Marshall University’s Traditional Fountain Ceremony: What the Marshall University Memorial Fountain Means to Me

April 22, 2015

 

On November 12, 1972, a Memorial Fountain was installed outside the Marshall University Student Center. The Memorial Fountain reaffirms a purposeful life and mourns the tragic deaths of 37 football players, eight coaches, twenty-five boosters, and five flight crew members who lost their lives as a result of the ill-fated plane crash of November 14, 1970.

 

As Mother Nature gives life to the flowers during the spring, the Memorial Fountain Ceremony springs life into the Marshall University Football Program. Every April, Family members of the Young Thundering Herd Football Team, the former teammates and I pay respect at the fountain ceremonies. The act of turning the fountain on celebrates the rebirth of Marshall Football.

 

During the spring of 1972, Marshall’s legendary coach Jack Lengyel recruited me while I was attending Ellsworth Community College located in Iowa Falls, Iowa. While attending junior college, I excelled in the classroom and on the football field. I earned a Who’s Who Among American Junior College Students award. Moreover, my outstanding football play made me an All-American Junior College Candidate. This recognition attracted notable “blue chip” college football programs from all over the country.

 

I encountered a life-altering experience and a date with destiny when I answered coach Lengyel’s call. Coach said, “Other schools may want you, but we need you”. With no regrets, I took on the emotionally staggering task of assisting coach with the task of reestablishing football at Marshall. Our task was not so much to win championships but simply to play competitively and position Marshall Football for future success.

 

I have vivid memories about what could have been. The Marshall Football Staff recruited me in 1969 while I was attending Steubenville High School located in Steubenville, Ohio. Marshall rescinded a full scholarship offer because I didn’t meet the school’s academic standard. Otherwise, I could have been a member on the 1970 team, thus being a footnote linking me to the most tragic sporting disaster in American sports history. However, I wouldn’t have been on the plane because freshman players didn’t travel with the varsity during that era of college football. By the grace of God, I didn’t have to endure the pain of losing those who could have been my teammates because I was attending junior college in Iowa. I will always remember that unforgettable Saturday evening when a news break informed the world about the Marshall University plane crash. I was shocked and saddened to hear the tragic news. I grew numb knowing that I could have been a member of the Marshall University Thundering Herd instead of an Ellsworth Community College Panther.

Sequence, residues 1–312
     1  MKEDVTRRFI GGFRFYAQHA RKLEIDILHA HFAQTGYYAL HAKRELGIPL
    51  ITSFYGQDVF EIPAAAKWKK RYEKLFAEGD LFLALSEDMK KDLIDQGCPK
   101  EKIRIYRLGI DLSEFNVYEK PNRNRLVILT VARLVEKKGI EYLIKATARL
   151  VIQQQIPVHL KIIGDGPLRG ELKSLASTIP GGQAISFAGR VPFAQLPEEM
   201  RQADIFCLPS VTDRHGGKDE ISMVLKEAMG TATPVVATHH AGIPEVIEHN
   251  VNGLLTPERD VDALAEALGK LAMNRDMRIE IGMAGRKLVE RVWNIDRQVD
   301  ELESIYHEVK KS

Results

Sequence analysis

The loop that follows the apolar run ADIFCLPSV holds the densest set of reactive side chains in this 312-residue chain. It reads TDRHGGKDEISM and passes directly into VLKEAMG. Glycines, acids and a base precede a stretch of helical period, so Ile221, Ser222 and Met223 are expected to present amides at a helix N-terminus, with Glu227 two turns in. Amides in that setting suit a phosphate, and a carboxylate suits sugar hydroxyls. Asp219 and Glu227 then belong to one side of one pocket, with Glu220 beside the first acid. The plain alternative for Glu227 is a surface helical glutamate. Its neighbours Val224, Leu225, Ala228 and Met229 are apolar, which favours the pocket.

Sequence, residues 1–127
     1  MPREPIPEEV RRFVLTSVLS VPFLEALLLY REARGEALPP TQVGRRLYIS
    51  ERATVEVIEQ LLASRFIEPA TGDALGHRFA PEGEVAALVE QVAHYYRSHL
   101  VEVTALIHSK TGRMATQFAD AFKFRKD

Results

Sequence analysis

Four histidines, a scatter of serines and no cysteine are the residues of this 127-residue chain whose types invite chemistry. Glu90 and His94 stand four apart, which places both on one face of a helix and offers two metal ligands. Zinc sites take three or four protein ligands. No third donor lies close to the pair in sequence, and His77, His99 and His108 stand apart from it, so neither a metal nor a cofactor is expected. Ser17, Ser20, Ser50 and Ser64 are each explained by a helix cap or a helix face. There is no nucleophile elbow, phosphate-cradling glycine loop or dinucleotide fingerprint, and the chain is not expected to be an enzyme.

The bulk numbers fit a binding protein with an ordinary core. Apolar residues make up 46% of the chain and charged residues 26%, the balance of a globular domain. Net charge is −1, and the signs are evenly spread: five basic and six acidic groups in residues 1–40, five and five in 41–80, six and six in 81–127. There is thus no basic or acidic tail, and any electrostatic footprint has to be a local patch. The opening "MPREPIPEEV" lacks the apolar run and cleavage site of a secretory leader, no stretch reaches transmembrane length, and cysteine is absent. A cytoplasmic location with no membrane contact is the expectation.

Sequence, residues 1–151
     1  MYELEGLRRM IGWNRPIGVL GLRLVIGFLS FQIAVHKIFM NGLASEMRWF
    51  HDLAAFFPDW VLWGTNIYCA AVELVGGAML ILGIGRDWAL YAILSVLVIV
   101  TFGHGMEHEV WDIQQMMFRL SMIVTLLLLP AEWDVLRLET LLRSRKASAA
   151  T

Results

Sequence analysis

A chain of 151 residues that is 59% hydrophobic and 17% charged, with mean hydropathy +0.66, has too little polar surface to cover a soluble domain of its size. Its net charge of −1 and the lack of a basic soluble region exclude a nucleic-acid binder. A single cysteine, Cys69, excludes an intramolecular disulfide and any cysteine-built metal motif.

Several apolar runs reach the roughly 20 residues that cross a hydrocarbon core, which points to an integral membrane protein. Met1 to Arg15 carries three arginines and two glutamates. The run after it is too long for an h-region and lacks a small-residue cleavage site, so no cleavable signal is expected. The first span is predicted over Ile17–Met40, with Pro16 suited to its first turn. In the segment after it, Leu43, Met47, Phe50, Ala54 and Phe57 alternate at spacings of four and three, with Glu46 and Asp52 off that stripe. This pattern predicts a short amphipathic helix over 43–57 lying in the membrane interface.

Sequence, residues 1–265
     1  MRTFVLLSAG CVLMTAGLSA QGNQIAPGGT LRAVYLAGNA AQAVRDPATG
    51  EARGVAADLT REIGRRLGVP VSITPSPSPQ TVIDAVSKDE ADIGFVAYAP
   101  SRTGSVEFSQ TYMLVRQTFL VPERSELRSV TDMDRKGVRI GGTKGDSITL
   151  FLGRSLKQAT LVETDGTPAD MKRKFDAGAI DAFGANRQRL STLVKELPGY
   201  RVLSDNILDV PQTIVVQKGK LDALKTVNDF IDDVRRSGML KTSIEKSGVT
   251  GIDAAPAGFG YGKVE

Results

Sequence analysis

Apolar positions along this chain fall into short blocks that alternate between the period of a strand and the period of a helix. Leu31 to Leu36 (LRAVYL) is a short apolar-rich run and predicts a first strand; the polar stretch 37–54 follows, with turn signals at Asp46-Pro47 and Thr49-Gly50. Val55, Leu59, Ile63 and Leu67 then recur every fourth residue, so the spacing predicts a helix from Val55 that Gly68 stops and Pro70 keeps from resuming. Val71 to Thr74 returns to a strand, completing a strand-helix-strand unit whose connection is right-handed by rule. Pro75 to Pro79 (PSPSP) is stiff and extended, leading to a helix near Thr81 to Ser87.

Ironically, coach Lengyel recruited me to the Marshall campus two years after the plane crash. As I was escorted down Gullickson Hall to meet coach Lengyel and the rest of the coaching staff, I was drawn to the team picture of the 1970 Marshall University football team, the crash victims. It mesmerized me and tugged my heartstrings. With raw fascination I had a connection with Scottie Reese and wanted to finish what he had started. I walked down the hall but stared back at the team photo.

 

During the fall of 1972, I joined an eclectic group of athletes recruited from other sports, along with freshman players and a host of walk-ons. I can proudly say that I finished what Scottie Reese and the rest of his teammates had started.

 

In spite of me playing with a torn deltoid and hepatitis during my first year at Marshall, I received a supernatural power that allowed me to practice and play with excruciating pain because the crash victims were resting in their graves. Therefore, I refused to take a practice off.

 

My personal and emotional ties to the Marshall Football program inspired me to write my first book “Against All Odds – 4th Down and Forever”. The Memorial Fountain designed to commemorate the crash victims is prominently displayed on the front cover of my book.

For the rest of my life, every April I will rejoice the rebirth of the Marshall football with the rest of the Herd Nation and other sympathizers.

 

On the other hand, I will shed tears before, after and on November 14 at 7:36 pm. In fact, the Memorial Fountain is turned off every November 14 at 7:36 pm exactly. This indicates the death of Marshall Football. May all the lost souls rest in peace.

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